Commentary on Indian News Article "Food prices push inflation to 6.95%"

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Claudia Cheng

Food prices push inflation to 6.95%

BS Reporter / New Delhi Mar 15, 2012, 00:43 IST

After showing signs of moderation in the past few months, inflation reared its ugly head once again in February and rose to 6.95 per cent from 6.55 per cent in January. Even so, a break-up of the figures may give conflicting signals to the Reserve Bank of India (RBI) on rate cut in its monetary policy review tomorrow.

While food inflation has risen by over six percentage points in a span of just one month — from deflation to 6.07 per cent, the rate of price rise in manufactured products declined to 5.75 per cent in February from 6.49 per cent in January, according to official data released on Wednesday.

While the monetary policy works more on manufactured products inflation, the spurt in food inflation cannot be overlooked, feel economists.

Finance Minister Pranab Mukherjee admitted the existence of inflationary pressures, but expressed confidence that the rate of price rise would be close to 6.5 per cent by the end of the current financial year. “Inflationary pressure is there.... We will end the year with around 6.5 per cent (inflation),” he said, emphasising on some easing in the rise in prices of manufactured goods.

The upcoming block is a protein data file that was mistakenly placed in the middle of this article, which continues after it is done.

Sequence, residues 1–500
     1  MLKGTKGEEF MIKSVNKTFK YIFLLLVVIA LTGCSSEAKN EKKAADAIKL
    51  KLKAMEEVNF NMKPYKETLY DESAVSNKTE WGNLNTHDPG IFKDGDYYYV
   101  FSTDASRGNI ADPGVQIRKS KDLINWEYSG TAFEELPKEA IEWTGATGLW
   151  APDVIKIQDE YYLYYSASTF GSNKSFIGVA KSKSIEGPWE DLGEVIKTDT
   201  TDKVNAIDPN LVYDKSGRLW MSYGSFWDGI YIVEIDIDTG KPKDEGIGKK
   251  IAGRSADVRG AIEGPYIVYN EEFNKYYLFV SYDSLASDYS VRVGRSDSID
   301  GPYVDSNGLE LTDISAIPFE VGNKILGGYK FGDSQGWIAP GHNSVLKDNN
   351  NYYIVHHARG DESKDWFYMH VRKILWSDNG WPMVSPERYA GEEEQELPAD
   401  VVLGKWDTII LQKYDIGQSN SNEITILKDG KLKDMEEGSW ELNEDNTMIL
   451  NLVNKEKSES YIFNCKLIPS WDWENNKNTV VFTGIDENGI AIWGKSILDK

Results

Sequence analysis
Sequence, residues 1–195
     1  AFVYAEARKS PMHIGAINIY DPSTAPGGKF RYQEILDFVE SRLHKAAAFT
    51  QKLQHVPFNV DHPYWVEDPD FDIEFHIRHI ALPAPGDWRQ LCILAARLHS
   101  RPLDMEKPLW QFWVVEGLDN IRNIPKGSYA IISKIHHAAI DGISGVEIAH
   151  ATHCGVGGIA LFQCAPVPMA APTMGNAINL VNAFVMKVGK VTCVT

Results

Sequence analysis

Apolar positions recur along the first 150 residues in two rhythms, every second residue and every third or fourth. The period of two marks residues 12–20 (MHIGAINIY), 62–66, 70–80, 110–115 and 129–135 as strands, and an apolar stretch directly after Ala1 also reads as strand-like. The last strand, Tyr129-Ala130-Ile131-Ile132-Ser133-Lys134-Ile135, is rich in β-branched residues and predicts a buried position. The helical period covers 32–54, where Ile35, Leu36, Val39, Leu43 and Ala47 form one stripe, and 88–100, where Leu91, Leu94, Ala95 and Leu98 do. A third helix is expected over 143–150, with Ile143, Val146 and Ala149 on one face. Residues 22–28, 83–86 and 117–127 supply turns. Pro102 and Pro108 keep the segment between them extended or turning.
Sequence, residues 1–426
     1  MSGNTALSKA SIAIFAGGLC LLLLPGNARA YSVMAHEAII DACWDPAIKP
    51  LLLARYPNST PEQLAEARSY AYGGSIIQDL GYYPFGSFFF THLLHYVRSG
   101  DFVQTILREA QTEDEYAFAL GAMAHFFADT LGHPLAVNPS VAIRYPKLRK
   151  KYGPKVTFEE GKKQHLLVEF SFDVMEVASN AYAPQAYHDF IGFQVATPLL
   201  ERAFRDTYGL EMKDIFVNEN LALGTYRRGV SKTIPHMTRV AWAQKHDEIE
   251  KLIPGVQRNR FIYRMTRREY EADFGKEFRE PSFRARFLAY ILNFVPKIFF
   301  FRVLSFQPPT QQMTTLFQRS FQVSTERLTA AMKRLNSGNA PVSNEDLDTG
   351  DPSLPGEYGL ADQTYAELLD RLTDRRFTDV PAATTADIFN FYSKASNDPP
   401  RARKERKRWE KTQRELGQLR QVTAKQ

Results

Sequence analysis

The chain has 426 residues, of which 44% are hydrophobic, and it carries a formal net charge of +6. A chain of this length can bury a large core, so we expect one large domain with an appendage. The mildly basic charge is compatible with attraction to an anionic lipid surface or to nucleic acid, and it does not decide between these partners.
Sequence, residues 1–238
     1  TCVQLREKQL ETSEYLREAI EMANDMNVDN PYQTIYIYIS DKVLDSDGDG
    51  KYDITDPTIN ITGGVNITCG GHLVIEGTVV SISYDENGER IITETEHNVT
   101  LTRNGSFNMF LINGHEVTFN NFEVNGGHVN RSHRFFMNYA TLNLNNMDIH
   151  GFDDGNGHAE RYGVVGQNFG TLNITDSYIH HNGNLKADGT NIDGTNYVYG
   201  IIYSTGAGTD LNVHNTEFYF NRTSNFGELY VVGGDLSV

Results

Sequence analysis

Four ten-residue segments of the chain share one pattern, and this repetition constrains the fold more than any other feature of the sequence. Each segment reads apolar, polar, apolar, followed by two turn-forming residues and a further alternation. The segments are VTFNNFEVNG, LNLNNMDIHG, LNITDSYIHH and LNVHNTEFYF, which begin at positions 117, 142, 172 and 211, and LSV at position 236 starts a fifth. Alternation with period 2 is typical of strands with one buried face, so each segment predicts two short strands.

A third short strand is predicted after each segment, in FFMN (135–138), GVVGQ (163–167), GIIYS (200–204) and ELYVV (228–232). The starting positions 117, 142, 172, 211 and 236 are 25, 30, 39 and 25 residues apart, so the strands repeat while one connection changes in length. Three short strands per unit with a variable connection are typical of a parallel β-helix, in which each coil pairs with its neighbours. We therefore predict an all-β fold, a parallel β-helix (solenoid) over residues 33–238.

Most economists believe that RBI should not hasten to cut policy rates tomorrow, even as manufactured product inflation has come down.

“Although inflation related to non-food manufactured products declined in February, this benefited from a favourable base effect, with the index level rising by 0.4 per cent in month-on-month terms,” said Aditi Nayar, economist at rating agency ICRA. “In such a situation, the elevated price of crude oil stoking domestic inflationary pressures poses a significant concern. Accordingly, we expect the RBI to leave the repo rate unchanged.”

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Other experts also point out the latest inflation numbers could prompt the central bank to leave the key policy rate untouched in its mid-quarterly policy review meeting despite the economic growth expected to slow down.

“Food inflation will be on the rise and coupled with this would be fuel inflation,” according to said Siddharth Shankar, director, KASSA group. “Going forward in third quarter of this year, food prices may moderate but I expect the fuel inflation to move up sharply,” he says. The changing food patterns are the cause of inflation and even fiscal measures cannot combat that, he adds. “It ...

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